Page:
Tisa is a Hungry Poor Man's Haven

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Image credits: Jean Beltran-Figues via bitLanders.com

Storm "Bagyong Paulo" succeeded in stopping us from getting out to Ibabaw Mountain Resort in Liloan City. It was a hard reality that we need to accept whole heartily.

This weekend is now a stay at home thing for us instead and I don't really mind staying at home, in fact I would love to just stay in bed the whole day as I listen to the harsh wind which sounded like it was super angry with the world that it has to break every tree down but still sounds so relaxing to my ears, do I sound weird? Well, perhaps! But the issue was that I had made reservations with the resort and I was a bit concerned that I the down payment fee would be forfeited.

Thankfully, when I sent a personal message to the resort, they immediately responded and allowed me to reschedule the reservation instead! That was a sign that this day isn't really for us. We rebooked it for next week instead, so another thing to look forward to!


Video credits: Jean Beltran-Figues via bitLanders.com

Anyways, since we were just at home and the weather was inconsistent, like it would be sunny and then the skies would darken again yet the wind was still very harsh but it didn't rain at all, we thought we should check out what's happening at the high way and perhaps have dinner there.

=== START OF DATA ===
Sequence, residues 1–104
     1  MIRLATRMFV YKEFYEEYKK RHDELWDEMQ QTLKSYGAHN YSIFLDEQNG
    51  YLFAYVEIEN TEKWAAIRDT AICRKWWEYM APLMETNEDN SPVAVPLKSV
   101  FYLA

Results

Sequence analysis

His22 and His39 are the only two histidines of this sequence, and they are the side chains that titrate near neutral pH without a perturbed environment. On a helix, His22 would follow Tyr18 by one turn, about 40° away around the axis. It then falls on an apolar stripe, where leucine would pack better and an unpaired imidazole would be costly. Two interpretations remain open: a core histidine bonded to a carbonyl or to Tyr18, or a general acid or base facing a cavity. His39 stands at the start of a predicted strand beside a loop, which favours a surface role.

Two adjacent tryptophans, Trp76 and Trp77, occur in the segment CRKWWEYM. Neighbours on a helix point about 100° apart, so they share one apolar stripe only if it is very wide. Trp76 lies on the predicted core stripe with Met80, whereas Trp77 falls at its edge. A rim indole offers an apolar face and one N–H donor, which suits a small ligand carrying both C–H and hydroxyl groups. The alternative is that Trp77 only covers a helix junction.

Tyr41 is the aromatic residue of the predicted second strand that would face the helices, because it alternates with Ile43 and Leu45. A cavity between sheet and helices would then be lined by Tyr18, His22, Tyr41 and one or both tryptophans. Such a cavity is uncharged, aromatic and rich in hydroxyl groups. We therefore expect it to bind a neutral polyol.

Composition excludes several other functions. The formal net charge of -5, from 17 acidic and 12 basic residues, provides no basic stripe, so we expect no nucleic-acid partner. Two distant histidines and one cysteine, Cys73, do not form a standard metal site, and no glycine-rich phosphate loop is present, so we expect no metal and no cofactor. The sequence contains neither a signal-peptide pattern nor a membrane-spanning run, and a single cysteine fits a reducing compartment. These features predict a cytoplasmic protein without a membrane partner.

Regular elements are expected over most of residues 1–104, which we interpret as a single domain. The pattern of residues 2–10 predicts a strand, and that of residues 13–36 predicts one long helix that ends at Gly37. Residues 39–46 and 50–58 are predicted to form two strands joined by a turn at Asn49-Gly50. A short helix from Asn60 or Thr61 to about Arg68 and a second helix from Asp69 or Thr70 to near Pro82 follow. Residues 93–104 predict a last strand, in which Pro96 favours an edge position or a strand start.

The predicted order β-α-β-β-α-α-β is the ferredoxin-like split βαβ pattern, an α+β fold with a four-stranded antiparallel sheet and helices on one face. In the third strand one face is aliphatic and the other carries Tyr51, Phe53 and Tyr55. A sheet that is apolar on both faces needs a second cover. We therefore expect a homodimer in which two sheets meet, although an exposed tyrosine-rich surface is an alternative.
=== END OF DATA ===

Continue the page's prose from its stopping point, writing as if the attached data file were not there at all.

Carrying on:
After that night, I realized that Tisa is indeed a haven for those hungry stomachs! Let me share to you why.

• Stalls of Cebu's Best Siomai •


Image credits: Jean Beltran-Figues via bitLanders.com

Had blogged about it and I had to say it again, Tisa is directly proportional to the word best siomai in Cebu. In fact it's just a few months ago when Vice Ganda went to Tisa and ate siomai too! Perhaps it was recommended by his/her Cebuano friends, guess what happened next? Of course he/she was not able to eat properly because the entire town was notified and the flock around him.


Image credits: Jean Beltran-Figues via bitLanders.com

With just seven pesos per siomai plus a piece of "puso" or hanging rice for five pesos, one can have a good burpy dinner! Anyone can select from the many stalls lined up along the main street of Tisa. You can easily figure out its a siomai store because , one it has these steamers displayed outside the stall and two, people with plastics covering their hands are dining there and perhaps you'll find a line of customers waiting for their turn.